A current effort for the group, he said, is supporting cataracts surgery for more than 10,000 people this year in North Korea.
The committee is also intentional about building relationships between North Koreans and North Americans. The bishop traveled to China last December to help deliver a truckload of rice and children’s clothing to North Korea following a massive flood in the northeastern part of the area. He did not enter the country but stood at the border.
“It was so moving,” he said. “It was a tearful experience for me.”
The Korean-born bishop, who came to the United States in 1982, still has family in Korea. He visited North Korea two years ago as part of a peace delegation from the World Council of Churches. They visited house churches, two formal churches and a Roman Catholic church, all in an effort to strengthen relationships. “As a church leader, it was time for me to go,” he said.
During the seminar, people heard from policy experts and faith leaders involved in humanitarian efforts. One such policy expert was Jae Ku, director of the U.S.-Korea Institute at the School of Advanced International Studies at Johns Hopkins University. He told participants that the situation today is on the brink of nuclear war, but that he thinks cooler heads will prevail.
North Korea, he said, has tested at least six nuclear devices, and they continue to test short-range to intercontinental missiles. Ku noted that if they didn’t have the capability to strike San Francisco yet, they should have it in the next 12 to 18 months.
“The problem is, every action creates a stronger reaction from the other side,” Ku said. “What really scares me is when senior government officials say that the chance of a war is better than 50/50, and that the chance of a nuclear war is greater than 10 percent.”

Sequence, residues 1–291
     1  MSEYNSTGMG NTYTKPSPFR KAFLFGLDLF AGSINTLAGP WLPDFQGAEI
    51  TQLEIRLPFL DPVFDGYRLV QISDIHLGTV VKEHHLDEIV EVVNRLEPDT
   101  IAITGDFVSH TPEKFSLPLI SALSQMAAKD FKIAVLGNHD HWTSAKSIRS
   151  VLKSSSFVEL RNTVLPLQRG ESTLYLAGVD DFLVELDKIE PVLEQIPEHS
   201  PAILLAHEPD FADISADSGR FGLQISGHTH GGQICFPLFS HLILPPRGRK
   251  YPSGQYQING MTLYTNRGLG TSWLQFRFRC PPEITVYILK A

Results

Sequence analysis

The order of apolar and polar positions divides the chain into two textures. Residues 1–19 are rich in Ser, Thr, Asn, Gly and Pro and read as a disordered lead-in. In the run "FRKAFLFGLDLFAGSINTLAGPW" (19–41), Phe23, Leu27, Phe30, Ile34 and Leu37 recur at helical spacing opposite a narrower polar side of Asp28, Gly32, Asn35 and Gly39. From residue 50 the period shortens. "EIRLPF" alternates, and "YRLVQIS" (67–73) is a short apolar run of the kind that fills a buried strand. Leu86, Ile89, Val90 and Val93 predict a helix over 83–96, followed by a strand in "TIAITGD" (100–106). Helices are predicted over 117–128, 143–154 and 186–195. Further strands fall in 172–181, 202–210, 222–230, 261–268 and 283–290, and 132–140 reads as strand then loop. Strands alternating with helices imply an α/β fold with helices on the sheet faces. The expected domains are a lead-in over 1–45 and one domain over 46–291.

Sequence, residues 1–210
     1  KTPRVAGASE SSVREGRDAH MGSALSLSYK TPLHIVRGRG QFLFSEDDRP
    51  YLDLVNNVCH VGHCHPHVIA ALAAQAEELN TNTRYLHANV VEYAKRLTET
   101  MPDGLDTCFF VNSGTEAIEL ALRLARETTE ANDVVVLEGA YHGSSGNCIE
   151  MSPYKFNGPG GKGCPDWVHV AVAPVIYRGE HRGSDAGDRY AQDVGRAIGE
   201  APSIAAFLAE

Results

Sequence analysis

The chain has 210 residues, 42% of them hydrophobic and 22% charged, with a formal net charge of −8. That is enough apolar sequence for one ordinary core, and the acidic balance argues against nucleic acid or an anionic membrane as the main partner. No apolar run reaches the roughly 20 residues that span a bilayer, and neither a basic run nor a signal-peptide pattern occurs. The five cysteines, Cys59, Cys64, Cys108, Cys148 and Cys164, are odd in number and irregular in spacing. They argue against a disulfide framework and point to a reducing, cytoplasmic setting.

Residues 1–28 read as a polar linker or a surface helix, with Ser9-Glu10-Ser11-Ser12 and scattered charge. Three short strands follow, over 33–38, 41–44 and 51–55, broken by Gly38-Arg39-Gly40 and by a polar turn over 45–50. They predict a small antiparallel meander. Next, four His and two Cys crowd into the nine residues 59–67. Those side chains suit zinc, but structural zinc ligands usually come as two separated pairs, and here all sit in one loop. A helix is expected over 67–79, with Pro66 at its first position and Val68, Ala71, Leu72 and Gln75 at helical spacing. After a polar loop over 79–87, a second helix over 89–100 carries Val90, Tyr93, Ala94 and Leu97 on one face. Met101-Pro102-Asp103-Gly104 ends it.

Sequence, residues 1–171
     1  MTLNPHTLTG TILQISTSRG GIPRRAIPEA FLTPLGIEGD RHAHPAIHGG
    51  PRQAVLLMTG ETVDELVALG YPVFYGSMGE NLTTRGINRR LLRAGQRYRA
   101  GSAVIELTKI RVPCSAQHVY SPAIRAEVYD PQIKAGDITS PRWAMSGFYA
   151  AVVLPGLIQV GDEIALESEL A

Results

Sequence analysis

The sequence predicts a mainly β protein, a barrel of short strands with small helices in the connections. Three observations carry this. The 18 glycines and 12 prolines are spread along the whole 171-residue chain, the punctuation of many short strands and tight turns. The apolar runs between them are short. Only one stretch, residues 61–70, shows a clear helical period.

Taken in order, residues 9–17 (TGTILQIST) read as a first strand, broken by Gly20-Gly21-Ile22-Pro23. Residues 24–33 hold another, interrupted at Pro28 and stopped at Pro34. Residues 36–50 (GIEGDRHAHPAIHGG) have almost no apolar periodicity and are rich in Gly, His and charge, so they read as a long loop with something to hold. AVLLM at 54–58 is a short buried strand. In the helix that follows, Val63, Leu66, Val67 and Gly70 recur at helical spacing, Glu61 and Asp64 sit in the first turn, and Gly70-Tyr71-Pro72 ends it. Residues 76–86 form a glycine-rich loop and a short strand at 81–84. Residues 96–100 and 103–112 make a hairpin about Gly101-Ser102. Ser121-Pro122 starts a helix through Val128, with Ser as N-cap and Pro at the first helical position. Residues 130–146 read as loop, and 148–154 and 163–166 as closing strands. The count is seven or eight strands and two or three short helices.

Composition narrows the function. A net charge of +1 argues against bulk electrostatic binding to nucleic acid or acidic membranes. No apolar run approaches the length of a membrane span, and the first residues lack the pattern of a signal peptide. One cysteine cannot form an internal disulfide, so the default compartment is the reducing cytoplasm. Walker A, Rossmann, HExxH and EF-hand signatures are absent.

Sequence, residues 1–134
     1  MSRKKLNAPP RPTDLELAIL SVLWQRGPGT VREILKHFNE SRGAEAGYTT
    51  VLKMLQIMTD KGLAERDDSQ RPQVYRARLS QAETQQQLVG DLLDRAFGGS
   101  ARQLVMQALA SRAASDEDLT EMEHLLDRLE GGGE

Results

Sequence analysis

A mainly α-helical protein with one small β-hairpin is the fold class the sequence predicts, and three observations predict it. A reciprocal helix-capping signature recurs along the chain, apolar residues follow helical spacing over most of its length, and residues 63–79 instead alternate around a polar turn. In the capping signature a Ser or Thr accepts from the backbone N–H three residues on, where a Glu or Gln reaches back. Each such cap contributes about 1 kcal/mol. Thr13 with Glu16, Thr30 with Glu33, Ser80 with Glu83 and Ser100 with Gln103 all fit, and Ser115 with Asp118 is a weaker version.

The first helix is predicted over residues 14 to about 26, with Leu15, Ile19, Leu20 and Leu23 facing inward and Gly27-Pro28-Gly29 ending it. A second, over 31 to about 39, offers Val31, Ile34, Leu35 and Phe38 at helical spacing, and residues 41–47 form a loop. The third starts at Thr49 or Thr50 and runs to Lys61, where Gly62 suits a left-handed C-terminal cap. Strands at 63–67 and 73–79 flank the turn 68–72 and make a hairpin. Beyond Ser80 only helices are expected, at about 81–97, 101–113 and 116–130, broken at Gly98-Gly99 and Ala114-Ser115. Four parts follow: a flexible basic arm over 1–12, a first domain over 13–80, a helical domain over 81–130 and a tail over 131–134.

Ku said he takes North Korea at its word because, he said, “when they say they will do something, they have shown in the past, they do it.”
The battle of words between the leaders of North Korea and the United States is not helping the situation, Ku pointed out.
“When we Tweet military threats,” he said, “it limits our ability to get off on an exit ramp later.”
Ku said that he has identified several “red lines” where North Korea, should they cross them, would be inviting a military response. The first is if they test another nuclear device on the surface, wreaking havoc on the environment. The second is if they test a missile and have it splashdown near Guam. The third is if they test a ballistic missile and have it fly across the Pacific Ocean.
“The ball is in North Korea’s court,” Ku said. “They have gone 52 days without doing anything. If North Korea says they want to acquire ballistic missiles to hit the continental United States, they will. But only after they acquire that, they will talk to us?”
In the next six to 12 months, Ku said, there has to be a way out. “As Christians, we have to find a way to get our leaders off the ledge.”
Church and Society livestreamed the plenary and panel presentations, available for viewing on the agency’s Facebook page.
Alsgaard is managing editor in the Ministry of Communications for the Baltimore-Washington Conference. To get more United Methodist news, subscribe to the free Daily or Weekly Digests.
News contact: Vicki Brown, 615-742-5472 or email@example.com.